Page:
This year was a really huge one for me, especially when it comes to my sewing. I started this blog just a little over a year ago with my Special Project in school, and it has grown very quickly with all of the projects that I have been working on. I also started a makeup and skincare part of the blog (and an instagram here) after I started working at a beauty counter to share about some of the things I have learned through training sessions. When it comes to my sewing, I have grown quite a bit in the past year! I started the year with finishing my Special Project, which took me a semester to make. Not long after that, I started working with MakeFashion. I started out just helping, and ended up making a dress with the help of an engineer! It was hectic and crazy and I loved every minute of it. I also got to go to Mexico with my family this year, celebrated a one year anniversary with my boyfriend, graduated from high school, got accepted into Olds College Fashion Program, got a job, made a dress for a televison pilot, and finished 16 projects (some of which I haven't blogged about yet). I would say that was a pretty successful year! Here is my year in photos:
And a quick sneak peak of a project that I haven't posted about yet:
Heres to another great and productive year! I can't wait to see whats in store for me
As I said in my last post, I wanted to talk about how they got dressed in the 1880's, which is the era that my last project was from. Many people ask me what is on under my costumes to give them their shape, so I thought it would be good to show you all of the layers as they are worn.
The first layer is called combinations. They are a top and bloomers sewn together, with a slit in the bloomers so you can use the washroom (with all of the layers worn at the time, this feature is pretty necessary). Mine are made of muslin and vintage buttons and lace. The garment was mostly hand drafted, and very loosely based on a Simplicity pattern to get an idea of the shape for the bloomers.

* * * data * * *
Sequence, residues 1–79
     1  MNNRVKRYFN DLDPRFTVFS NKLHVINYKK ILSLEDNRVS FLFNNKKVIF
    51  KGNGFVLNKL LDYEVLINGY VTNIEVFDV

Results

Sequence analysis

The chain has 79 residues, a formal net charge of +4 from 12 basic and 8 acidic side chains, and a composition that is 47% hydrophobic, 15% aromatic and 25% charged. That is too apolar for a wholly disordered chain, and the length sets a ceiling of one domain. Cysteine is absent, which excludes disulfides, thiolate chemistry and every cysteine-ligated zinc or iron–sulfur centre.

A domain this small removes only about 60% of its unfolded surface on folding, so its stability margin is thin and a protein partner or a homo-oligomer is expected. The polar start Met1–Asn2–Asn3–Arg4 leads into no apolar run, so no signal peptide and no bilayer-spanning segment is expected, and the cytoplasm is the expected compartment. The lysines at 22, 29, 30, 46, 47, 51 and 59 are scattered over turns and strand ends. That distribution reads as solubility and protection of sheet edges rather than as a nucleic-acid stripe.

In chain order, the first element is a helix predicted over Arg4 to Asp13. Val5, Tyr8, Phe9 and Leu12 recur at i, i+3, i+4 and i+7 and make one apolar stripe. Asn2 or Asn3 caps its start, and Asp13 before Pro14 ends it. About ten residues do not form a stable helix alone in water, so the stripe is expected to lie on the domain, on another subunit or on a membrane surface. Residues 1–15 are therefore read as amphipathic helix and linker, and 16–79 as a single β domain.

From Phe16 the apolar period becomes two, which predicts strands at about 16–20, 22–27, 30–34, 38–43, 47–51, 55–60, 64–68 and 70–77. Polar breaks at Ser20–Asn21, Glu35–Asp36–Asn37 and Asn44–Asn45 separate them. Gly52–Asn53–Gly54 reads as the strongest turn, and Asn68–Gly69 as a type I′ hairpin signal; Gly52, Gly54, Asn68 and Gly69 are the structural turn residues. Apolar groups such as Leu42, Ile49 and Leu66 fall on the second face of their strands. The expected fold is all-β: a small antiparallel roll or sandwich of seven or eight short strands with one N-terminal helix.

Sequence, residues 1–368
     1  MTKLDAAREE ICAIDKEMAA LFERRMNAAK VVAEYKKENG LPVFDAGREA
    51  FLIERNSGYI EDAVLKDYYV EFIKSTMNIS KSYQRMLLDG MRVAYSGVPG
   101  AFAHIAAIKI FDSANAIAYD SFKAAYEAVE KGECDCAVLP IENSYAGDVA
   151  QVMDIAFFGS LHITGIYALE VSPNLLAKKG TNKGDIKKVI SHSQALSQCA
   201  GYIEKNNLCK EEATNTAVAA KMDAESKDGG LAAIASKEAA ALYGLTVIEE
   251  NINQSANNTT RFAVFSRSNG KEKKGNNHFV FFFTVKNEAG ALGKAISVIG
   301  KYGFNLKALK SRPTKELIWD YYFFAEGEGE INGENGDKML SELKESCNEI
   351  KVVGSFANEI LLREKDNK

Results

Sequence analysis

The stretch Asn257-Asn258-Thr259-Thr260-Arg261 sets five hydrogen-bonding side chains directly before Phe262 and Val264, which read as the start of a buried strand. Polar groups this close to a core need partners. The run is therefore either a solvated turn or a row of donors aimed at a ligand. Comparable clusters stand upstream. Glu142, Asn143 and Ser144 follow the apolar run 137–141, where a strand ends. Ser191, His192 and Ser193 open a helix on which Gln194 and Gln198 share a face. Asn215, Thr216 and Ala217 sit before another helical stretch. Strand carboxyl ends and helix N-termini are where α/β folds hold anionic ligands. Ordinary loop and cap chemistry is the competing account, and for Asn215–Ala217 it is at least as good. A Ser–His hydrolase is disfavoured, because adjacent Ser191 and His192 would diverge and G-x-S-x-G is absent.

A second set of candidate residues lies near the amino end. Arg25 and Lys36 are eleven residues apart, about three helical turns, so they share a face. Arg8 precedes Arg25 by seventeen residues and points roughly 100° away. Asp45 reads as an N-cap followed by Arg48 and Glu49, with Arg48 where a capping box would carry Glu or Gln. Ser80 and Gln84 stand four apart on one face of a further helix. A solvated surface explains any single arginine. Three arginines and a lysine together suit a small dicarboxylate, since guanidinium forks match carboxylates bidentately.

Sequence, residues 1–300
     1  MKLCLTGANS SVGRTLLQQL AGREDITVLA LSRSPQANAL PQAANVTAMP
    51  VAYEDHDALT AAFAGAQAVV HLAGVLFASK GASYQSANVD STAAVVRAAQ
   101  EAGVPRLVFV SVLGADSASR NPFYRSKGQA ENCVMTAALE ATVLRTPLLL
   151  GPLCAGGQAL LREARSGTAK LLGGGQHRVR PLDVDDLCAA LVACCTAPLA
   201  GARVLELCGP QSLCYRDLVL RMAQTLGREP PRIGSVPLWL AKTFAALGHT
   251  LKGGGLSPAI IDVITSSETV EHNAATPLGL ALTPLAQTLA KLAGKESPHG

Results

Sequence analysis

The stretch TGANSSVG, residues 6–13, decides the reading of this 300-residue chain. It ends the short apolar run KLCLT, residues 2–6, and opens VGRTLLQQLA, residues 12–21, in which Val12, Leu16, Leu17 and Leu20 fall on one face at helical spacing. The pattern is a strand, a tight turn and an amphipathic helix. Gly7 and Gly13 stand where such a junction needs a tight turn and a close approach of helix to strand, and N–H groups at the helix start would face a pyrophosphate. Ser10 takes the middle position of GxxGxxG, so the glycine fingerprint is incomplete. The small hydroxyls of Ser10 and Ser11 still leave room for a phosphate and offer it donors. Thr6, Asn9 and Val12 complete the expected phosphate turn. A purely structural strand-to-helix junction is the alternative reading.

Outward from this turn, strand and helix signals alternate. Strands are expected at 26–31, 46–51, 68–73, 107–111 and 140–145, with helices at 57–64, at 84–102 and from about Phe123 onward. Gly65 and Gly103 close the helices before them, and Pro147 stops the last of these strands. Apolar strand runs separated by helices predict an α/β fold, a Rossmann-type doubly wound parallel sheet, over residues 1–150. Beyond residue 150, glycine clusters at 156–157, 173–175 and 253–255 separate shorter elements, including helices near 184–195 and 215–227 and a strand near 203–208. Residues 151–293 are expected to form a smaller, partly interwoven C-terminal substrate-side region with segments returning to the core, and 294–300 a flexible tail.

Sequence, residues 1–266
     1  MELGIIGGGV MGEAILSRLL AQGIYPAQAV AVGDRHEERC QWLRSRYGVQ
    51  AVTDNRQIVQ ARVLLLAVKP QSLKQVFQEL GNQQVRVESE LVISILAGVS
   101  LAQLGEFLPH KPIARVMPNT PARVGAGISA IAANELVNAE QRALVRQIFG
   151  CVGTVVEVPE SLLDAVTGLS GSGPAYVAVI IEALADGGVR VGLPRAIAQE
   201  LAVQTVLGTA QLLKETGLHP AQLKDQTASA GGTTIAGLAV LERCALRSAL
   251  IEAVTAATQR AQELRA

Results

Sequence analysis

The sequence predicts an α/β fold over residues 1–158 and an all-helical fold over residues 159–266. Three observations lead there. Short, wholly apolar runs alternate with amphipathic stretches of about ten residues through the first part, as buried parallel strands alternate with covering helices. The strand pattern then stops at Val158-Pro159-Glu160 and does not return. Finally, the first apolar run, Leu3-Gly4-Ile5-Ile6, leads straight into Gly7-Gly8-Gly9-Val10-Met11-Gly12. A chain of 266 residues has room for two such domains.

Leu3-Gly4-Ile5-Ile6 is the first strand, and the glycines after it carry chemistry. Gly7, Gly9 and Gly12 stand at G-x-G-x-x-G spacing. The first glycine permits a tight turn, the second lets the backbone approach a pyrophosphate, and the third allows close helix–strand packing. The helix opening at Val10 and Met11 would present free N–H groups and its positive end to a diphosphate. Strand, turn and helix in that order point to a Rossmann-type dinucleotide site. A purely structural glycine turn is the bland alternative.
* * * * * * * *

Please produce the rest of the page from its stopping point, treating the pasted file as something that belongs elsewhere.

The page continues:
After the combinations, you would normally want to put on stockings (I just wore wool socks for warmth) and shoes, since it is a little difficult to put on shoes with a corset on, but I forgot to put on my shoes before the corset. The corset is next- mine is a silk taffeta in a green/mustard colour with vintage lace. The busk (the front closing) is from Farthingales, a Canadian company.
After the corset, there is more shaping- the bustle and the petticoat. Bustles came in many shapes and forms, and for this project I just made a bum pad out of two layers, to give it a 'perky' shape. The petticoat is made of muslin and ruffled lace, and is made to smooth the lines from the bustle. After making this dress, I will be making a boned bustle cage for some more projects in this era.
Finally we get to the outer dress! My dress is in three parts- bodice, skirt, and apron. The apron is the draped fabric that goes over top of the skirt. First I put on the skirt, then the apron, and the bodice last.
The finishing touches to the ensemble is the jacket (which was not made by me. I just did the heart embroidery on the shoulder), the hat, and the shoes since I forgot to put them on earlier. A proper woman in the 1880's would also wear gloves to leave the house, but since I was going a little steampunk with this dress, I thought it was okay to be glove-less.